Can Global De-Carbonization Inhibit Developing-Country Industrialization?

38 Pages Posted: 2 Dec 2009

See all articles by Aaditya Mattoo

Aaditya Mattoo

World Bank - Development Research Group (DECRG)

Arvind Subramanian

International Monetary Fund (IMF); Center for Global Development

Dominique van der Mensbrugghe

World Bank

Jianwu He

World Bank

Multiple version iconThere are 2 versions of this paper

Date Written: November 10, 2009

Abstract

Most economic analyses of climate change have focused on the aggregate impact on countries of mitigation actions. We depart first in disaggregating the impact by sector, focusing particularly on manufacturing output and exports because of the potential growth consequences. Second, we decompose the impact of an agreement on emissions reductions into three components: the change in the price of carbon due to each country’s emission cuts per se; the further change in this price due to emissions tradability; and the changes due to any international transfers (private and public). Manufacturing output and exports in low carbon intensity countries such as Brazil are not adversely affected. In contrast, in high carbon intensity countries, such as China and India, even a modest agreement depresses manufacturing output by 6-7 percent and manufacturing exports by 9-11 percent. The increase in the carbon price induced by emissions tradability hurts manufacturing output most while the Dutch disease effects of transfers hurt exports most. If the growth costs of these structural changes are judged to be substantial, the current policy consensus, which favors emissions tradability (on efficiency grounds) supplemented with financial transfers (on equity grounds), needs re-consideration.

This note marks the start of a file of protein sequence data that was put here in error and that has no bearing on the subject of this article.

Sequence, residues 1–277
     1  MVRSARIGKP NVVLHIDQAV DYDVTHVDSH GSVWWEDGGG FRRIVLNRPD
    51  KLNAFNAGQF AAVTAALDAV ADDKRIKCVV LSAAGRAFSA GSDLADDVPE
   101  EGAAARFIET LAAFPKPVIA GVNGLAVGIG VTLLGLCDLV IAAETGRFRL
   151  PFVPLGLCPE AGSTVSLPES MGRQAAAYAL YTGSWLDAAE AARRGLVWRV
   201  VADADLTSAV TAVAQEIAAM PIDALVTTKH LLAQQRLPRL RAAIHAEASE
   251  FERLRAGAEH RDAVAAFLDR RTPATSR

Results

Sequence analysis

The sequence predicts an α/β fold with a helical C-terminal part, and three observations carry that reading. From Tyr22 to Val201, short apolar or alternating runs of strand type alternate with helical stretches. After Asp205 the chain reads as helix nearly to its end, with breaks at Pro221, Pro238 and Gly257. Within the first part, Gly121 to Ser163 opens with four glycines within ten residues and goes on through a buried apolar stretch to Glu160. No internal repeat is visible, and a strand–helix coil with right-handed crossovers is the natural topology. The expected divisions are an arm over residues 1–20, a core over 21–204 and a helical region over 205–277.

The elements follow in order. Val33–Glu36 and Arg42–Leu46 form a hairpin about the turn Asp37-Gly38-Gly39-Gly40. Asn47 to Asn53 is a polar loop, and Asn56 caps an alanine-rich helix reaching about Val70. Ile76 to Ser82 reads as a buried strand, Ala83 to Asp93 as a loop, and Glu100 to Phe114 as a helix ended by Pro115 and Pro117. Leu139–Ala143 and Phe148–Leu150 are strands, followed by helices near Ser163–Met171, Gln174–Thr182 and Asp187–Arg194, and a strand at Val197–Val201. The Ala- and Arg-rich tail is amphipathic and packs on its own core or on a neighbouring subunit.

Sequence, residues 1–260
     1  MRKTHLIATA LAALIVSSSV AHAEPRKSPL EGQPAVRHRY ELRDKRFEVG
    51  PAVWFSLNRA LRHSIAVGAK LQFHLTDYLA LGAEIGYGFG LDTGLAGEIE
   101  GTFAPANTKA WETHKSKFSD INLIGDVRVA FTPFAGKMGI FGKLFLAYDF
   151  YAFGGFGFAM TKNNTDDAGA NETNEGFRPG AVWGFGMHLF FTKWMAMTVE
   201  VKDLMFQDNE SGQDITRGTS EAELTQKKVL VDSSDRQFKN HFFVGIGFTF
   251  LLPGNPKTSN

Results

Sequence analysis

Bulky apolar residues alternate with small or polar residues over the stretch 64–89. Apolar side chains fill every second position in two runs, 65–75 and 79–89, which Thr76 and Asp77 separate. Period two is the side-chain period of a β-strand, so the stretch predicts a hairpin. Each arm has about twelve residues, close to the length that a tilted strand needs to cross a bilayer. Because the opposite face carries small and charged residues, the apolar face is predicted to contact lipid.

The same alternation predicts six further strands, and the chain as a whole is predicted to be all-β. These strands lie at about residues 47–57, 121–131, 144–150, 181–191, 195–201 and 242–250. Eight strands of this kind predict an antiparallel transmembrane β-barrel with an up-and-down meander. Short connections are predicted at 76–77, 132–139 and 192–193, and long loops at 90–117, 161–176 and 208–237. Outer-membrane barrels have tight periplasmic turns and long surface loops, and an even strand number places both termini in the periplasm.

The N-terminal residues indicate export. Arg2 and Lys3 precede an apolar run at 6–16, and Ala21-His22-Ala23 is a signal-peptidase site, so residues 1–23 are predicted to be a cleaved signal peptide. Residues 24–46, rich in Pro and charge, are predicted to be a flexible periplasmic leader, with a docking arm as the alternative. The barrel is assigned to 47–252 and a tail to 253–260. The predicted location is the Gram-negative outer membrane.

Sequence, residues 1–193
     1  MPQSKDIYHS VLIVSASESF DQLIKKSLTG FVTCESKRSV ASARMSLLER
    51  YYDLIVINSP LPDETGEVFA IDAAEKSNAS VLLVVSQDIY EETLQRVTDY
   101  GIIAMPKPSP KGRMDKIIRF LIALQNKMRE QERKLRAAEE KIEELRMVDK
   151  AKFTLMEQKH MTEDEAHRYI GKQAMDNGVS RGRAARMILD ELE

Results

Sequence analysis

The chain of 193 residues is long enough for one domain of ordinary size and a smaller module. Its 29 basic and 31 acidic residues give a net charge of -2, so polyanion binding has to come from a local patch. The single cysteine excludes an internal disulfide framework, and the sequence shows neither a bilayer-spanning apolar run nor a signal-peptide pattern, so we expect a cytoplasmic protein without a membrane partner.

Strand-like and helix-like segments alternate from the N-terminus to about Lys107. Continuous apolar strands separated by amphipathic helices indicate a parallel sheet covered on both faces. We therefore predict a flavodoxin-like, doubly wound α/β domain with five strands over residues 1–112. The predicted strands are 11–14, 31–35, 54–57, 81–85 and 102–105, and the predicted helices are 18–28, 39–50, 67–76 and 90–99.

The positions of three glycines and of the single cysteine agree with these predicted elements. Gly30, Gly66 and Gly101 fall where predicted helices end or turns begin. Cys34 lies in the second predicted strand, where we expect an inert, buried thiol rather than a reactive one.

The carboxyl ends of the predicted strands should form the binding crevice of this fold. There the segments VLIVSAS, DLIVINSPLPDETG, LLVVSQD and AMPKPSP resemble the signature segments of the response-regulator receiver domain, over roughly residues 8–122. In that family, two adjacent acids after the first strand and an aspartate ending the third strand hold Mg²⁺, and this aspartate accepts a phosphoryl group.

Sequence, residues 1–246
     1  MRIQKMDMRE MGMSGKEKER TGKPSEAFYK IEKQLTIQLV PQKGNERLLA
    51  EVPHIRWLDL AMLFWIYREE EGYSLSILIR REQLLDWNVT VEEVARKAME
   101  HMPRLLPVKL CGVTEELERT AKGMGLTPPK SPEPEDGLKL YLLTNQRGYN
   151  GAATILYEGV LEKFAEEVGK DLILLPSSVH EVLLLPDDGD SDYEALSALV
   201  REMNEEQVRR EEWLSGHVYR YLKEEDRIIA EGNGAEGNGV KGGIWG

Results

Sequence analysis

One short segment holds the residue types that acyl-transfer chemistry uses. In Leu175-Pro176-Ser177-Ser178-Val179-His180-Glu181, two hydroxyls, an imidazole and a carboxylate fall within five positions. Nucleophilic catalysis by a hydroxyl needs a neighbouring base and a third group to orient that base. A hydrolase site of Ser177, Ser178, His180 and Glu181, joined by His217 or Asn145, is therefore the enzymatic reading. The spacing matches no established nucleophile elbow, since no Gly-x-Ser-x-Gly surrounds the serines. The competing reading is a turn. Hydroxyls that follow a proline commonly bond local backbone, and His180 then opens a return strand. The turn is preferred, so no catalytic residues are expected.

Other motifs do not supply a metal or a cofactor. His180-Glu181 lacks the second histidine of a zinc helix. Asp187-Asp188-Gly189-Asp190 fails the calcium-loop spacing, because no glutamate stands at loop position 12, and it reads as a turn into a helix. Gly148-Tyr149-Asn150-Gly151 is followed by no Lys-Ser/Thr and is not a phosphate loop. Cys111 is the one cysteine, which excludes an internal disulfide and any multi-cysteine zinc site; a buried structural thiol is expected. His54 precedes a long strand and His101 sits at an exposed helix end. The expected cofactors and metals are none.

Keywords: trade, environment, climate change, emissions trading

JEL Classification: F13, F18, H23, Q56

Suggested Citation

Mattoo, Aaditya and Subramanian, Arvind and van der Mensbrugghe, Dominique and He, Jianwu, Can Global De-Carbonization Inhibit Developing-Country Industrialization? (November 10, 2009). Available at SSRN: https://ssrn.com/abstract=1516052 or http://dx.doi.org/10.2139/ssrn.1516052

Aaditya Mattoo (Contact Author)

World Bank - Development Research Group (DECRG) ( email )

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Arvind Subramanian

International Monetary Fund (IMF) ( email )

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Center for Global Development

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Dominique Van der Mensbrugghe

World Bank ( email )

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HOME PAGE: http://econ.worldbank.org/staff/dvandermensbrugghe

Jianwu He

World Bank

1818 H Street, NW
Washington, DC 20433
United States

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